The National Numeracy Challenge is a positive message; it’s not demanding of anyone, and it’s not judging anyone. It was the fear of judgement that was getting to me before. And when you’re acting out of fear and doing things to compensate for this worry that everyone thinks you’re stupid, you do really obsessive things. National Numeracy’s positive messaging makes you think, “Somebody cares. Somebody’s cared enough to produce this.” So, thank you!

I definitely find using numbers in daily life easier now. I volunteer on a bookstall, and when I first got there, I kept asking the guy I was with for help. He was great but he was too busy to help me all the time. So, I grabbed a calculator and I would cancel it about five times, shaking too much about it. And in the end I said to the person buying books, “I'm really sorry,” and I went and hid, and I wrote it down and I got through it. And then the next one that came, I took the books and pretended that I was going somewhere with them. I said, “I'll be right back,” and I had to write out sums, which I had always felt rubbish at. But I did them and I came back, and I had to count out loud to work out the change as well. What I found was that some people would help me! They could see I was struggling, and they didn't judge me for not being able to add it up. Either people would help me, or I would go away and work it out. So, it wasn't a disaster, and I thought, “Do you know what? This isn't so bad. It's not such a huge failing as a human being that I'd always thought it was.”

It took a lot for me to face that anxiety, and I wasn't in a particularly good place at the time.

This was such a big part of my life because I work with numbers, and I think I did always see myself as less as everybody else. I had to work through it really hard and say to myself, “Actually, I'm alright.” For me to accept myself is enough. I don't need other people to accept me. Because it was ingrained from when I was a child, it went very, very deep with me. So, I would say, if it is a child, try to help with any maths fear as soon as you can. I don’t think people realise how vulnerable and impressionable children are to the attitudes around them. I wonder where I would’ve been now if I’d had a different start, and I think a lot of kids could say that. The lucky ones can say, “where would I be if I didn’t have those people in my life?” Everyone has a different story, because it’s the people around you.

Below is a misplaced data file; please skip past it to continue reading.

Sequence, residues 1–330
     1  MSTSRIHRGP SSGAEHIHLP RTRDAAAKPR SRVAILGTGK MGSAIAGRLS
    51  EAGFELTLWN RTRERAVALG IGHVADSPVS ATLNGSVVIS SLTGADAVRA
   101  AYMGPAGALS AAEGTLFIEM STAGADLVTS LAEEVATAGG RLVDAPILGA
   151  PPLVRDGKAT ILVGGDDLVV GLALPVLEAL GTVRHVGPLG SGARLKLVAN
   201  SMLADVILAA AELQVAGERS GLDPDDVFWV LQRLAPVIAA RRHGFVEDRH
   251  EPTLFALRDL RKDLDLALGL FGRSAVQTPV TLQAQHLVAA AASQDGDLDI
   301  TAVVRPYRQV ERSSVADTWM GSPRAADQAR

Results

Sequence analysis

For me, National Numeracy and your website was about a more understanding, more compassionate, less judgmental world.

It makes me emotional, but nobody would think that having an Achilles heel with mathematics could hold somebody back quite so much.

I thought about doing a maths qualification now, but I realised that I don't need to prove anything. With those exercises, I saw myself get better, and that was enough.

My advice for others

Maths comes into every aspect of life. If you want to order tiles for your bathroom, you have to work out the area if you want to order flooring. Even if you don't want to get involved, just knowing the basics makes people feel more rounded. And then you don’t end up with a box of unnecessary bathroom tiles under your stairs!

It just makes the world an easier place to be.

You don't necessarily need others to know it, but if you know for yourself that you're a competent person, then you feel more rounded in general. After the National Numeracy experience, I decided to really give myself a totally different view and a totally different memory about maths.

Try the National Numeracy Challenge

However you feel about maths, you’re not alone. The National Numeracy Challenge is a free and easy-to-use website you can use to improve your confidence with numbers, in your own time and at your own pace.

It’s ideal for brushing up, checking your level, or for catching up on learning you missed, and it’s all about the maths you need in daily life and at work – no algebra or trigonometry.

Image showing the Challenge on a computer monitor